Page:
- Masterworks of Technology: The Story of Creative Engineering, Architecture, and Design
Masterworks of Technology is one of those rare books that will appeal to both the layperson and expert technologist alike. This book is written in such an engaging style that I believe even the most technophobic among us will enjoy and benefit considerably from reading it.
Lewis loves engineering, and this passion is passed on to the reader with an infectious joy. Many books are written by authors who know their subject extremely well but are unimaginative, boring writers. Just because we can write a letter to our grandma, or a company report, we should not assume we are able to write well for a discerning audience. Lewis is a master storyteller. To illustrate my point I shall quote the opening sentence of Chapter One: "Relief came over us as our bodies welcomed the cooler temperature and our eyes adjusted to the dim light that stood in sharp contrast to the heat and intensity of the summer sun" (p. 13). I am sure that even the most critical fiction reader would agree this is an interesting piece of writing.
Engineering is quite often considered rather dry, unromantic, techno-stuff. It obviously depends on how it is presented. The sentence quoted above is the beginning of an analysis of how the great pyramids of Egypt were created. The next sentence is even better, but you will have to read it yourself to find out how the mystery unfolds.
Masterworks has a good bibliography, an excellent index and is arranged into 11 chapters that cover approximately 5,000 years of engineering, architectural and design innovation. Seductive chapter titles include "Rocket Science and More," "Fascinating Bedfellows," "Pushing the Envelope" and "The Mind's Eye."
Lewis discusses at length the relationship between craft, engineering technology and science, explaining the differences and how one discipline affects the other. It is only in the last few hundred years that science (which [End Page 164] attempts to discover how and why things work) joined engineering (which attempts to make things work) in a kind of symbiotic relationship. This is interesting not only from a historical perspective but also from the perspective of how technical things actually work. Lewis explains these "workings" using very little obscure or highly technical language.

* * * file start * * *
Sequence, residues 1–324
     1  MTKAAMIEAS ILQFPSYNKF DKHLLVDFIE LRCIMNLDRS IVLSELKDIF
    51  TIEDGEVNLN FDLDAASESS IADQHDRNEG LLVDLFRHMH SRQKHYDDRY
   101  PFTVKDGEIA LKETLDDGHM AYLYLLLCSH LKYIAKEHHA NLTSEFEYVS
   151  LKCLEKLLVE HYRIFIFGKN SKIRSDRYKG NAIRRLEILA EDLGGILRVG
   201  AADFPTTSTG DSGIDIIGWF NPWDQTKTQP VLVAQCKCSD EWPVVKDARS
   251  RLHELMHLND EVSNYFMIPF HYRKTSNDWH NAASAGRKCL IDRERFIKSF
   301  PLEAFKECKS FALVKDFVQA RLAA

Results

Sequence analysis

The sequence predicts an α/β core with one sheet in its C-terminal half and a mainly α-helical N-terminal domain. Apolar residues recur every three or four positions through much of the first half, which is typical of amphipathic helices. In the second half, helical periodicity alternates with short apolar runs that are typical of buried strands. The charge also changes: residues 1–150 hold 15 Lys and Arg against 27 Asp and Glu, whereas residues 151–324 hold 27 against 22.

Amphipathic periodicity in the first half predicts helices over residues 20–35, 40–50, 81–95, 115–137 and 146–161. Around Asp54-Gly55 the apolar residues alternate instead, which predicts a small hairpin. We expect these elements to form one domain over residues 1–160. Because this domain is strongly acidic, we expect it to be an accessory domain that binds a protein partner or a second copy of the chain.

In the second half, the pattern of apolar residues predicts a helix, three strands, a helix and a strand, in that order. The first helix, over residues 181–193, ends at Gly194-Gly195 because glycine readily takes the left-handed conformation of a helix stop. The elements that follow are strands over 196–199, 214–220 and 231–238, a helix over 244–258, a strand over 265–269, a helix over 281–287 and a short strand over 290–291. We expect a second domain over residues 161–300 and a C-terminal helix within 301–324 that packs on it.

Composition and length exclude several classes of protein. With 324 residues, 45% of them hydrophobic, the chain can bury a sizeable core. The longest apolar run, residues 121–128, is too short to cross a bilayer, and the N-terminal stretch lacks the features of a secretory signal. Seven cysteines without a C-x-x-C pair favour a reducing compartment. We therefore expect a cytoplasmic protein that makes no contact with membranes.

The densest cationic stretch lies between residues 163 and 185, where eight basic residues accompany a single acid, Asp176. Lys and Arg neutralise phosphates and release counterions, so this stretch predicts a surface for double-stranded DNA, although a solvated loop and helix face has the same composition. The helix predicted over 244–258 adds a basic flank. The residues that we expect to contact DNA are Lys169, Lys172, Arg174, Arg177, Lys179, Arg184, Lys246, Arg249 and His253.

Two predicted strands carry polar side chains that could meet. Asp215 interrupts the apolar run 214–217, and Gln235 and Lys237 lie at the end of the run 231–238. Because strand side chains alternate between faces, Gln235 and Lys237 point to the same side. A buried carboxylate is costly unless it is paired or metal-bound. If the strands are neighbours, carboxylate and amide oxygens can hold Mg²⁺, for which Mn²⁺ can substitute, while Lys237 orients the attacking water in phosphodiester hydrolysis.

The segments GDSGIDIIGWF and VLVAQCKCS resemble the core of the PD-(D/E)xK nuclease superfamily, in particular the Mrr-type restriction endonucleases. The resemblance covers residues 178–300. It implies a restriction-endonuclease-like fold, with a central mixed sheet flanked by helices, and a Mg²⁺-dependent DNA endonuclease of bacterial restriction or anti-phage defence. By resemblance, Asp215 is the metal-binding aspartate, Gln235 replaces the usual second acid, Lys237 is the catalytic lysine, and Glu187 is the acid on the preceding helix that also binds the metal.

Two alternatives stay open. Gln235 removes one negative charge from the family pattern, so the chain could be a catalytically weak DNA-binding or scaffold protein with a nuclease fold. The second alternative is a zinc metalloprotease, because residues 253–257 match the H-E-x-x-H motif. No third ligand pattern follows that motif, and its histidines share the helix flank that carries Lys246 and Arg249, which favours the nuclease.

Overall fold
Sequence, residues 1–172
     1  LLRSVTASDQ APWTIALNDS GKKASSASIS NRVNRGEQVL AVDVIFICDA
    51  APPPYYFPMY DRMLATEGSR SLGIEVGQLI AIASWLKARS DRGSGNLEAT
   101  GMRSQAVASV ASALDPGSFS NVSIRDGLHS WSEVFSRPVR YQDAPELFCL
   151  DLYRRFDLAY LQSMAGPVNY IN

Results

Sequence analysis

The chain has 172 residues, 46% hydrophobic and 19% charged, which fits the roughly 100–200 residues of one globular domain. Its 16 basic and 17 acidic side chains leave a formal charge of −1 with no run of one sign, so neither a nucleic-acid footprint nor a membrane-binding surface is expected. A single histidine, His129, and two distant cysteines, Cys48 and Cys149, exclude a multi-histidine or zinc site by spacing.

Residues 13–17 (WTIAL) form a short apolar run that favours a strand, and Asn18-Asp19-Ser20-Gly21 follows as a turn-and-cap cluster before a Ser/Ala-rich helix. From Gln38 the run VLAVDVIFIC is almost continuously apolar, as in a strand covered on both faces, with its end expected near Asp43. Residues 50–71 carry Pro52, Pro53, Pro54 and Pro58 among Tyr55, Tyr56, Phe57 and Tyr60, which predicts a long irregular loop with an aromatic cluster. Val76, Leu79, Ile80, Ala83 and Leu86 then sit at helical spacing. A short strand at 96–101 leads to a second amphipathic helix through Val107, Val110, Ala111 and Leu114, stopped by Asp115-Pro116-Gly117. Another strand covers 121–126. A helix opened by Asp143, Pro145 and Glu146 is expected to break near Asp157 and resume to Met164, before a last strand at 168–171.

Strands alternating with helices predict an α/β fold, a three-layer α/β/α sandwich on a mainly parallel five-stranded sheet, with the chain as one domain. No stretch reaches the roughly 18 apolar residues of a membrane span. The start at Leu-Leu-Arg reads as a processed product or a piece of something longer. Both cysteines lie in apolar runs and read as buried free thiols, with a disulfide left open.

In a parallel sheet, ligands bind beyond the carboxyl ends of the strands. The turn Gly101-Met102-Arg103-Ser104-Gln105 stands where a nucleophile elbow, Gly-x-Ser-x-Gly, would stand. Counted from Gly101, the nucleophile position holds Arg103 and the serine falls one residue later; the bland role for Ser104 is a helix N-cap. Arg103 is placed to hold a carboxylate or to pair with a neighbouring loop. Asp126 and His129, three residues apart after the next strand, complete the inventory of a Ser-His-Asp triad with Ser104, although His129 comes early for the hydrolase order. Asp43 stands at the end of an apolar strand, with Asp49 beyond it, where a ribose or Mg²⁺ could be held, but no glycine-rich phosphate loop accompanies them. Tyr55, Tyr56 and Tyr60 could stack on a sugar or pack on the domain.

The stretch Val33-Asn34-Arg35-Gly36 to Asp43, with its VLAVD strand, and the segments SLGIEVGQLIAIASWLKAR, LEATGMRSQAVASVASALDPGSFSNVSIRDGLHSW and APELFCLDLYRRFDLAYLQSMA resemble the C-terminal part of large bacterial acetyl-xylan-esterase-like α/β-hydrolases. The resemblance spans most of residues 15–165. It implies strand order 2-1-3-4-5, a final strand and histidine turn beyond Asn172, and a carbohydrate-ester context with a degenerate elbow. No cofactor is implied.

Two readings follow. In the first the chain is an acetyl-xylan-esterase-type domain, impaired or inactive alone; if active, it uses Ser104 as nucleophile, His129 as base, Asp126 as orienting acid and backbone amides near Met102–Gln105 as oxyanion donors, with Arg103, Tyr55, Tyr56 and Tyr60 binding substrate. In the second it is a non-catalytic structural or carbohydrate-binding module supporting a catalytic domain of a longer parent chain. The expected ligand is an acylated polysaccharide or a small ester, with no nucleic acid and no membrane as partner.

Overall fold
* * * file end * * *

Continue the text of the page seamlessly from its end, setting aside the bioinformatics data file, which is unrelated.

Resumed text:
It is difficult to imagine living in a world without the ubiquitous wheel. Not only wheels per se, but devices based on the principle of "rolling around an axle." No computers as we know them would exist—the hard disk in your computer spins on a bearing on an axle. Electric motors, generators, aircraft engines all rely on this simple principle. Use of the wheel has been documented for at least 5,500 years. Because of the incredible importance of the wheel in our cultures, Lewis pays considerable attention to this technological wonder, as well as the development of the wheelwright's craft. "A Sumerian pictograph from about 3500 BCE shows a sledge ... equipped with wheels" (p. 28). Potters' wheels originated at about the same time.
The book has many quite lovely black-and-white illustrations. It is rather instructive in itself to see an illustration of a reciprocating water pump (circa 1556) side by side with a robotically operated automobile assembly line and a printed circuit-board diagram of a microcontroller. The scope of this book is vast, and Lewis has done an excellent job in presenting the major feats of technology in just over 300 pages.
Masterworks of Technology will make a great addition to any personal library and is so well written that it is a good read for anyone from eight to 80 years of age.